Why Circular Economy Products are Better than New
The Circular Economy has seen rapid technical advancements enabling remanufactured products to look and perform as new, while bringing a range of other desirable benefits.
Here are 5 reasons why circular economy/remanufactured products are better than those made from virgin resources.
1. Cost Savings
Raw material costs, processing costs (refining, shaping, coating, finishing) and the margins at every step in a virgin resource product’s supply chain, are expensive.
For remanufacturing, where a product is disassembled at the component level (rather than into separate materials) and broken/out-dated parts are replaced and then the item reassembled, the cost saving is around HALF of the list price of the same product from virgin resources.
This is illustrated in the exposé Office Furniture Costs, which compares the costs of virgin and remanufactured office furniture.
A second example is office photocopiers, which now see service with seven different clients, on average. Remanufacturing has enabled leading photocopier companies to reduce their price to customers without compromising their margins or the reliability of their machines.
2. Lower Structural Failure Rates
Design flaws and flaws in materials are difficult to identify during manufacturing and inspection, but lead to expensive and dangerous structural failures early in the first life of products from virgin resources. Having these failures from micro-cracks, inclusions, and design flaws occur in the first life of a product means a much reduced risk of occurrence in subsequent lives.
For example, Caterpillar remanufactures engines for heavy equipment. The UK Department of Defence deploys these engines in war zones, where the DoD benefits from the proven durability and quality of Caterpillar’s remanufactured engines in life-and-death situations.
Previous lives give stories and character to products. Would you like to sit every day at a desk from James Bond’s MI6 office? Public Health Wales’ Cardiff office includes desks from the Bond movie Spectre - some of the 94% of 2,500 items of furniture refurbished or remanufactured for the fit out.
Italian leather sofas once sat on by billionaires at a leading London private equity firm now form a luxurious meeting space in the offices of NAOS, a cosmetics company.
NAOS office breakout area
Elvis and Kresse creates luxury accessories from used fire hoses, with the fire hoses proudly showing their heritage; this is part of the appeal of the items.
Elvis and Kresse products made from end-of-life fire hoses
Sadly, many interior designers looking for heritage choose reproduction furniture made from virgin resources of inferior quality to the original versions, often artificially distressed using toxic chemicals. In an office, this sends a number of undesirable messages to staff and visitors which challenge the authenticity of the company’s brand. At the same time, original pieces are being sent to landfill.
Here is how Artek (the store selling products designed by Finnish designer Alvar Aalto) describes its furniture: “As Artek products are made out of natural materials they age gracefully and gain patina over time. They tell the story of both the product and the users it has seen.”
4. Good Local Jobs
Remanufacturing and the circular economy require products to be disassembled, checked, repaired and then reassembled – requiring twice the labour of assembly alone. This generates additional local jobs than assembly from virgin parts.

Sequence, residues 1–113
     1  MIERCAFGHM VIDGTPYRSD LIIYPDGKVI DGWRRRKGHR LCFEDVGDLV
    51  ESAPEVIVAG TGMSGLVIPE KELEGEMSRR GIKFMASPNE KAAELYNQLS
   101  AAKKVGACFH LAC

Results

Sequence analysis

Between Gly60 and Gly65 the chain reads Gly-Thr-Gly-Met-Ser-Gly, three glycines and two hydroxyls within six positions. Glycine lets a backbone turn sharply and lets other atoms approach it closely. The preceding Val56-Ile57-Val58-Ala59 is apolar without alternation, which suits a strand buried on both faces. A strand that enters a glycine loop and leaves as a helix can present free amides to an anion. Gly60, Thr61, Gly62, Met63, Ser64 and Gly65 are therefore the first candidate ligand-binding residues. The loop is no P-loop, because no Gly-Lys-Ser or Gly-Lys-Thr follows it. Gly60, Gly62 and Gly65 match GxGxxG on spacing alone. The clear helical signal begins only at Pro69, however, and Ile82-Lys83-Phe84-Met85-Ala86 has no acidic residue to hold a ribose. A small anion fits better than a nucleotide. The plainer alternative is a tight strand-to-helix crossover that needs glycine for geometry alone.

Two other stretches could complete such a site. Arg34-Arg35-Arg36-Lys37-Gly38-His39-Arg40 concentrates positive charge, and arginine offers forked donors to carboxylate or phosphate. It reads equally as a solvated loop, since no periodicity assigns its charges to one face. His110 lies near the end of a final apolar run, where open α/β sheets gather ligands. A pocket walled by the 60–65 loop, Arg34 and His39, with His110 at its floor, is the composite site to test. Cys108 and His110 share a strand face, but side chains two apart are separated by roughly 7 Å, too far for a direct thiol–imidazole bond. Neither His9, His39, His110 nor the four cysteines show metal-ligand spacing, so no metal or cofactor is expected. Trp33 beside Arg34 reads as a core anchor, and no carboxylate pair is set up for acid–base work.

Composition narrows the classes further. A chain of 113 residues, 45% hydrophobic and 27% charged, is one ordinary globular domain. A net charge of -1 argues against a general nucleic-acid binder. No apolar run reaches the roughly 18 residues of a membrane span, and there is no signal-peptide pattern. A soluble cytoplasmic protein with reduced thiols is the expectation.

These jobs require judgement and skill to diagnose and repair problems, which vary from item to item. This type of work is ideal for those new to the workforce (such as long term unemployed) because the variety exists within boundaries, allowing technicians to grow in confidence in the workforce while being presented with new challenges to solve on every item being remanufactured.
For example, eight long term unemployed people with disabilities were employed on the Public Health Wales Cardiff office fitout to remanufacture office furniture and fit reclaimed flooring. Thanks in part to this experience, three of these are now in full time jobs.
5. Environmental Sustainability
Because undamaged parts are checked, resurfaced and reused, remanufacturing reduces the environmental costs of products, on average, by 80%1. This means that they use 80% fewer virgin resources and, by extension, 80% lower biodiversity loss, energy & water consumption, greenhouse gas emissions, transport requirements and waste associated with extraction, refining, shaping, coating and finishing these materials.
Remanufacturing and the circular economy also captures a waste stream, reducing landfill.
Tracey Cooper, CEO of Public Health Wales, noted: “Once you have used remanufactured products, there is no going back – why would you?” Public Health Wales has recently completed the fit out of another office, this time in Swansea, increasing the percentage of refurbished / remanufactured furniture to 95%.
Dr Greg Lavery is the Managing Director of Rype Office, which helps clients to create beautiful, productive offices at substantial cost savings through good design and by using remanufactured and sustainable office furniture. Email Greg@RypeOffice.com
 Giuntini, R., Gaudette, K. Remanufacturing: The next great opportunity for boosting US productivity, Business Horizons, Nov-Dec 2003, p. 44; McKenna, R. President and CEO, Motor & Equipment Manufacturers Association, Testimony before the International Trade Commission on: Remanufactured Goods: An Overview of the U.S. and Global Industries, Markets, and Trade, Investigation No. 332-525, Feb 2012.